Daniel Temkin’s thesis show took place in another dimension

On Monday February 13th around 7:30 pm, after strolling in fascination through the small, winding, bustling streets of Chinatown, I found my destination. Daniel Temkin’s MFA thesis show was taking place down one flight of stairs in an internet cafe on Bowery at the foot of the majestic Manhattan bridge. Upon entering the basement cafe there were three rooms visible. Two were occupied by [mostly] Chinese men chatting and sitting at computers. There was a faint smell of cigarettes. Behind the register were piled numerous small bags of potato chips (I wanted gum, sadly they didn’t have any back there). I felt a little bit out of place, in an exciting way. As one of my peers aptly noted: it felt like being in another time. I made a quick right and found myself surrounded by familiar faces. Suddenly I was part of the underground world. I then picked up a photocopied sheet of paper with a list of URLS and made my way to one of the 16 computers in the room displaying Daniel’s show. Other students and strangers mingled around while finding computers and beginning to explore the task at hand of viewing an MFA thesis show in a totally new way. Then ensued a surprising exploration of coded programs, feigned shopping websites, gifs of piles of discarded computer screens, and of course, some photographs.

The all encompassing show can be experienced (minus the 90 Bowery atmosphere) here: http://dfghfhg.com/dfghfhg/

Daniel Tempkin, Dither, 2011.

And a few words from Daniel reveal how we were led to the Bowery in the first place:

Winona: Tell me about the title of your show:

Daniel: dfghfhg comes from keyboard mashing, running your fingers randomly across consecutive keys. People do it as a placeholder for real text (lorem ipsum), or as a refusal to answer a question. It’s a form of communication that didn’t exist before the web. Like much of the work in my show, it builds on unintended uses and consequences of technology.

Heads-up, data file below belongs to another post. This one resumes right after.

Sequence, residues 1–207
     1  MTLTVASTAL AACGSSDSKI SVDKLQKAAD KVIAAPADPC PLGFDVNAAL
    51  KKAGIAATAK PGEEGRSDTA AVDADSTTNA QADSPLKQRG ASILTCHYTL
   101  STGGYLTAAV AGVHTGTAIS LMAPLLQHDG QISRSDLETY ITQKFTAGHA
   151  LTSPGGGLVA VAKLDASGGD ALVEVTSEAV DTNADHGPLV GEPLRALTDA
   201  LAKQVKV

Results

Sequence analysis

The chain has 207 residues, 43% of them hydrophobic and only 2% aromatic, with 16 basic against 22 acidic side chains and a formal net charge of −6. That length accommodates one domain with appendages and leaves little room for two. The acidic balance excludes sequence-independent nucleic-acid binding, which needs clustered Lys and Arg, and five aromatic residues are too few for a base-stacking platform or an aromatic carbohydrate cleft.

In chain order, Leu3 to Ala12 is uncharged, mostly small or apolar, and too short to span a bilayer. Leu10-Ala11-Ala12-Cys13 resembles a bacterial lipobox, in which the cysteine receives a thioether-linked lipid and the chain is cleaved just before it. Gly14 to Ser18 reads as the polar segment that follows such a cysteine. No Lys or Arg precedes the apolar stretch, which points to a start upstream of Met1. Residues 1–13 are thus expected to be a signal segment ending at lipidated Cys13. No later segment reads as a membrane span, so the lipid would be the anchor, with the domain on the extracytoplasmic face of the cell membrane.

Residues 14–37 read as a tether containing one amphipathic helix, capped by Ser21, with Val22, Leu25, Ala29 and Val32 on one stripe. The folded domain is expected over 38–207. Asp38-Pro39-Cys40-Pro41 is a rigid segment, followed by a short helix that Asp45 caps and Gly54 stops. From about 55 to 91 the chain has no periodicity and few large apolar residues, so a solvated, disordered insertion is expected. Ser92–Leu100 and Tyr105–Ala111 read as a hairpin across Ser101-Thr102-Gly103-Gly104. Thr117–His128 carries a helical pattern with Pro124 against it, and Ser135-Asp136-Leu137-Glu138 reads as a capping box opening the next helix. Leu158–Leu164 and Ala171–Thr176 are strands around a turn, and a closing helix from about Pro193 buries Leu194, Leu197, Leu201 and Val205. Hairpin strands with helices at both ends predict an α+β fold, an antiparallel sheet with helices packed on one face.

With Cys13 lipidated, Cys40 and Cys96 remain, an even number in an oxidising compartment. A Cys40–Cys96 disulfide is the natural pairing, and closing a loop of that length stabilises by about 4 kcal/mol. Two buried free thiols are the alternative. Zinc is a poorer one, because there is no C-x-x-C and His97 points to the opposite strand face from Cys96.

WBB: How would you describe the work:

DT: In my photographic work years ago, I created a series of postcards that reflect the generic commercialism that was slowly making NYC feel the same as many other cities. I see the same pattern in the Web, which is becoming increasingly commercial — it can be a boring place to spend time, but it holds the promise of something amazing around the corner which often never materializes. The underlying technology is strange and surprising when misused, something I explore in some pieces. Other pieces bridge online life and the city. My “Meanwhile, in NYC” piece recreates NYC as an endless series of drab backdrops populated by a dispassionate but very strange, aging generation. These scenes are quintessential New York, they couldn’t have been shot anywhere else, and for me there’s a charm both to their monotony and their eccentricities. I present it as an ever-changing collage, using a lo-fi DIY web style, that reflects the same sensibility in the web.

Daniel Temkin, Meanwhile in NYC, 2012

WBB: Why exhibit at the internet cafe in Chinatown?

DT: I wanted to get away from creating rareified art objects, and from making work that spoke too much about art itself. Pieces in the show include ordinary objects: cardboard iPads as frames for my images, a phone directory. If I had been unable to find an internet cafe to work with, I was hoping to show the work in a closed office at night, bring up the work in cubicles. I wanted to avoid the baggage that comes with the gallery.

WBB: What is Speedshow and what led you to show on it, how did you get involved,

DT: A speedshow is just a pop-up exhibition in an internet cafe. It was Aram Bartholl’s concept. He, and Lindasy Howard, who has also curated such shows in NYC, gave valuable advice on getting the show together. Also, Saskia Aldinger helped by promoting the show on the speedshow.net website.

WBB: Tell me about your philosophy regarding modern computer interaction and its
effect on our culture:

DT: It used to be only programmers who had to negotiate with the computer, taking on its compulsive logic in order to communicate with it. We all do this now, as we manage more of our lives on online — sorting our friends into distinct groups that have no meaning off the computer, for example. The web has been great for human communication, but it comes with a price. My programming languages speak to the messier aspects of human communication, those that are harder to represent in a logical system: bodily gesture and nuance.

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